Following the long-awaited Referendum on Scottish independence and the returning of a ‘no’ vote this morning (Friday) Guy Platten, Chief Executive Officer of the UK Chamber of Shipping has called for the divisions created by the campaign to be “healed – across industries, businesses and communities alike.”
Writing on his blog for the Chamber today, Mr Platten, who left Scotland and his role as Chief Executive of Caledonian Maritime Assets last year, wrote: “When I left Scotland late last year to become Chief Executive of the UK Chamber of Shipping, the referendum debate was already reaching fever pitch. I think few people south of the border had, at the time, a real understanding of just how divisive the campaign had become.
“The UK Chamber was never going to publicly back one side, but it is no secret that we have expressed significant concerns about what independence would look like for a shipping industry that is a powerhouse of the Scottish economy.
He said the Chamber had held numerous meetings and events for members and the Scottish Government to address these concerns.
“In business we know that the enemy of growth is uncertainty. And whichever side you supported, there has been tremendous uncertainty across not just the Scottish economy, but the UK as a whole. As the polls tightened in the closing weeks of the campaign, billions of pounds were wiped off the stock market and the pound plummeted against every major currency in the developed world. The result of yesterday’s referendum has eased that uncertainty, but frankly the result was just too close to put an end to the independence question.”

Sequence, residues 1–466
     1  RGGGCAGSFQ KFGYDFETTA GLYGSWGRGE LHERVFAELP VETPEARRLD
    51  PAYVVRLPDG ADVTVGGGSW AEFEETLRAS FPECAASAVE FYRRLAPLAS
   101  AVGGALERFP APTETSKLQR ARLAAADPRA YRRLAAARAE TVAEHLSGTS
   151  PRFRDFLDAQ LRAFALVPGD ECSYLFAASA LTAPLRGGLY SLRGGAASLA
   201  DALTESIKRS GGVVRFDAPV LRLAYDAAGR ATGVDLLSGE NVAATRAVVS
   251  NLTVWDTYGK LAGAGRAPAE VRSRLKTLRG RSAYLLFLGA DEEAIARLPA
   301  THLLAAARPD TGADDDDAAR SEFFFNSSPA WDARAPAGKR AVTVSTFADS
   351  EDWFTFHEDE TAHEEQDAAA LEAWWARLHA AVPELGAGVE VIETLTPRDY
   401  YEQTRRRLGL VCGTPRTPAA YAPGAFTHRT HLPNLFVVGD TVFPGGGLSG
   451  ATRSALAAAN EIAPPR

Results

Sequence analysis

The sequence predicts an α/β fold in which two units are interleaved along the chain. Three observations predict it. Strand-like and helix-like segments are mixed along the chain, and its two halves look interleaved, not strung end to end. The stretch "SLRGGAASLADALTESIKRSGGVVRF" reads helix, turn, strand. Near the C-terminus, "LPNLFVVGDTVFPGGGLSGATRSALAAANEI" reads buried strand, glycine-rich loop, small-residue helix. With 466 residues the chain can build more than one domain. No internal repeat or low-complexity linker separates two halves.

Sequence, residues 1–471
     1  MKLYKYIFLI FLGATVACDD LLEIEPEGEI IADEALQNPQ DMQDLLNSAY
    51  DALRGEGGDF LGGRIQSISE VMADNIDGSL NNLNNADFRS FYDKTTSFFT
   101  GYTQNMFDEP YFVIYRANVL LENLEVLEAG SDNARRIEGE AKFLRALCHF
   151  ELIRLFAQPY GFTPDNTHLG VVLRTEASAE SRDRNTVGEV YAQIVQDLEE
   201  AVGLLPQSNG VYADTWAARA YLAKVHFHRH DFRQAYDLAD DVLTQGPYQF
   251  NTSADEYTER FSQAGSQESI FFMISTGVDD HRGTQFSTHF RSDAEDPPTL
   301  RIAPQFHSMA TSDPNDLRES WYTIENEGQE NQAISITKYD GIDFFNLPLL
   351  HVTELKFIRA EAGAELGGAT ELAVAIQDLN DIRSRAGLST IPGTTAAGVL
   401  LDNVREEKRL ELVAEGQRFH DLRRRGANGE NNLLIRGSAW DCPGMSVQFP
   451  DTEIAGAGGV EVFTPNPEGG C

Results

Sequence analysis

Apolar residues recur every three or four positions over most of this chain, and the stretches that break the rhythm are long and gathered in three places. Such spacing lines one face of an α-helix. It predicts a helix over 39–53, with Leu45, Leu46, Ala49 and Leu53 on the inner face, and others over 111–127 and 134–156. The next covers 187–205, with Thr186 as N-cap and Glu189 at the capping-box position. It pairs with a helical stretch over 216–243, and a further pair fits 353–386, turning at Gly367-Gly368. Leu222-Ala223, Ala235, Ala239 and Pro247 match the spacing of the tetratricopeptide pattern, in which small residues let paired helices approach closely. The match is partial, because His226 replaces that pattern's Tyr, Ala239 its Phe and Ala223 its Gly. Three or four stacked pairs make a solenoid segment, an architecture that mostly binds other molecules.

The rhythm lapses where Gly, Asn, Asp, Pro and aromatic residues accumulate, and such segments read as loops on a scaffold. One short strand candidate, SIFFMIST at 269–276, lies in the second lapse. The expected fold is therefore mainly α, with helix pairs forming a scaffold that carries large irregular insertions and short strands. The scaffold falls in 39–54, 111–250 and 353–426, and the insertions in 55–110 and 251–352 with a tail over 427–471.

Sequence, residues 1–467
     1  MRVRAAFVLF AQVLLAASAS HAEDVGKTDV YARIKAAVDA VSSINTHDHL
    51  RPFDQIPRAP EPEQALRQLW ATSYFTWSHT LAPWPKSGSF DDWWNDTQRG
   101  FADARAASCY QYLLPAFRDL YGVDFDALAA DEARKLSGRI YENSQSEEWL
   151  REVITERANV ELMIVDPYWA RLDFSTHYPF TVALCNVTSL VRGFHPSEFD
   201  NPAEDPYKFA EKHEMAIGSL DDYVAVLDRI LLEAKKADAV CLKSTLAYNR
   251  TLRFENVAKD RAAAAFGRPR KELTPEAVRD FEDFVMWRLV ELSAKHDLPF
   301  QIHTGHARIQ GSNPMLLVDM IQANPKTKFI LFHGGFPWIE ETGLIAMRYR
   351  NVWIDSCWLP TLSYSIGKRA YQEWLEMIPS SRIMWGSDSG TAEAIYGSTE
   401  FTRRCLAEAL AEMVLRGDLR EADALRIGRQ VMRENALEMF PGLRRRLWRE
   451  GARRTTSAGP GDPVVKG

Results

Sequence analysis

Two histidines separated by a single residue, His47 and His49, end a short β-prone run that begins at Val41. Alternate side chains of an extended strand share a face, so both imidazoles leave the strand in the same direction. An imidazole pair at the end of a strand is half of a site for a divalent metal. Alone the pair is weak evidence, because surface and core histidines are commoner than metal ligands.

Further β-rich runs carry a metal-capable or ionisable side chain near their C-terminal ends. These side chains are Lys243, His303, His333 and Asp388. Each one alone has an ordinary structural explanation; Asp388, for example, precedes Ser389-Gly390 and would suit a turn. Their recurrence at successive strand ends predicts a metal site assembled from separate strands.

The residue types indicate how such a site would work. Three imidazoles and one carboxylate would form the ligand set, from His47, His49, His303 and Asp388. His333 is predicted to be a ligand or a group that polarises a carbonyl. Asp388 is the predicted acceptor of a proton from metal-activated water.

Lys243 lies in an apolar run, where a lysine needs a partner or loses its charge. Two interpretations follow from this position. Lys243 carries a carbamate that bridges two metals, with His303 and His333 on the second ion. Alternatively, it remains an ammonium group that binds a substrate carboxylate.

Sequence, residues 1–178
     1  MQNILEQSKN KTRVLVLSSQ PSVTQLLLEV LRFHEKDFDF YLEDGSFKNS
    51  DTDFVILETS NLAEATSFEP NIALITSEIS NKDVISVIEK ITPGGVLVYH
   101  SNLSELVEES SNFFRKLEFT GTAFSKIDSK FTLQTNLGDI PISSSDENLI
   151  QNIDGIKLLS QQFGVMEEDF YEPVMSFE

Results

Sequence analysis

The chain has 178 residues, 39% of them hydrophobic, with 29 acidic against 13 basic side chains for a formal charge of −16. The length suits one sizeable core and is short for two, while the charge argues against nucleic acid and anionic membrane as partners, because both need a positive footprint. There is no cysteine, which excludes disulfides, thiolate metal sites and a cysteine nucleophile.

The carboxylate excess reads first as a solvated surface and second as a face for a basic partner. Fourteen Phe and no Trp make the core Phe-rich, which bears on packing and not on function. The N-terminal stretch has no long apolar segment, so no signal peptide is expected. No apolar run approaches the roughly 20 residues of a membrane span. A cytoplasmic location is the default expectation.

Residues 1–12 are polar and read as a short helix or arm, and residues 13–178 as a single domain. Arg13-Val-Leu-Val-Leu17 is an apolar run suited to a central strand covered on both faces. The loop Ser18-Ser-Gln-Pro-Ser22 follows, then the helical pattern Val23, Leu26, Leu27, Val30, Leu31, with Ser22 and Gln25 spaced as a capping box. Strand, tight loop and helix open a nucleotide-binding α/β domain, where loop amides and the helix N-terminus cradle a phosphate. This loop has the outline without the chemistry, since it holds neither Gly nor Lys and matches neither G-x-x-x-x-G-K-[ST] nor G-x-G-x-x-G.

The UK Chamber, he believes, has won many friends during the campaign and he said the Scottish Government had valued the expertise it had been able to provide. He said the Chamber was already working towards an event in Holyrood, Edinburgh in November and would continue its work across all aspects of Scottish shipping from Aberdeen to Glasgow.
“A key part of my strategy is to foster deep and productive relationships with our Scottish members – as well as those we need to influence in Edinburgh and beyond.”
The final result of the vote was 55% ‘no’ and 45% ‘yes’.